During a panel at DISCOP Dubai entitled Spotlight on the Middle East: The Staying Power of Linear Television in a Fast-Evolving Digital World, panelists focused on major issues affecting the television industry: changing viewing habits and business models, and the need for cooperation and regulation in the region.
The panelists were: Martin Stewart, the CEO of OSN (UAE); Manoj Mathew, the chief operating officer of Zee Entertainment (India) and Sanjay Raina, the senior VP and general manager of Fox Networks Group (UAE). The session was moderated by Nick Grande, the managing director of ChannelSculptor, based in Dubai.
As with platforms in other regions, the ones in MENA must find ways of delivering content directly to the consumer. OSN’s Stewart stated, “OTT will be the majority of our business in a very short time.” OSN has already launched its own online TV service, Wavo, and recently closed a deal with Netflix. OSN will be offering its premium subscribers Netflix free for a period of time, initially through app delivery and by June of this year through a new set-top box OSN is launching that will have Netflix embedded in the box.
Stewart added that if it’s true that content remains king, then distribution nowadays is King Kong, pointing out that it is incumbent on platforms to reach consumers wherever they are.
Zee’s Mathew noted that because of the increase in ways of consuming content, “It’s not a good time for linear channels, but a brilliant time for content.” He added that platforms must make the critical decision, “Are we platforms? Are content creators, or are we content aggregators?”
Fox Networks Group’s Raina countered that since March 2016, the company has launched eight channels in the MENA region, and they are all performing well. “Clearly someone is watching and linear is working.”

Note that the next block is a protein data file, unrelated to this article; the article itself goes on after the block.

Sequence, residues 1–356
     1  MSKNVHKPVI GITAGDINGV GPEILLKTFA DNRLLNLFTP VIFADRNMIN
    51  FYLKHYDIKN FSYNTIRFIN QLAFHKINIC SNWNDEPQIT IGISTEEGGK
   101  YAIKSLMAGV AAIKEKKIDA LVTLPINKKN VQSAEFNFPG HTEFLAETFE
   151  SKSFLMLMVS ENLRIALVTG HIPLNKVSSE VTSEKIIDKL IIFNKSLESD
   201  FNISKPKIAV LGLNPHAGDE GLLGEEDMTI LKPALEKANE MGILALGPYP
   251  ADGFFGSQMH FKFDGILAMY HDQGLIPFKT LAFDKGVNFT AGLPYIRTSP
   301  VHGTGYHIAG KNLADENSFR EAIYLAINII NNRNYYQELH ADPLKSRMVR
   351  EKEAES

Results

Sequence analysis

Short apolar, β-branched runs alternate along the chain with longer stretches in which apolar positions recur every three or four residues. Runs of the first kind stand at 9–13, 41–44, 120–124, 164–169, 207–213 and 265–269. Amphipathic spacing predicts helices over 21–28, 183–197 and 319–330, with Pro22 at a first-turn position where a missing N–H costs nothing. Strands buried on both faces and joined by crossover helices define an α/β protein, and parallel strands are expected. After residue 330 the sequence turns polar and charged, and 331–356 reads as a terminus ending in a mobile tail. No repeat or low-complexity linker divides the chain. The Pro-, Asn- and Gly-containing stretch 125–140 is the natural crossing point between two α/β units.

He also said viewers like being in charge of their remote controls rather than having data driving viewership, as algorithms do on streaming services.
Panelists agreed that as platforms offer streaming services, they will have to deal with declining price points and find ways of making up lost revenues, as monthly subscription fees could drop from an average of about $60 a month for a package of channels to $10 for an OTT subscription.
Another common theme was the importance of exclusive content, whether it be for free-to-air channels or pay services. Zee’s Mathew noted, “We are chasing subscribers or advertisers, so either way we need content.”
There was also agreement on the untapped creative potential in the region and the importance of original content and ownership of IP, as opposed to licensing product, which a platform or linear channel eventually has to give back to the rights holders.
The panelists acknowledged the problem of piracy in the region as well. On this point, they called for greater collaboration among all players in the region and the need for a proper regulatory framework for development of the media industry in MENA.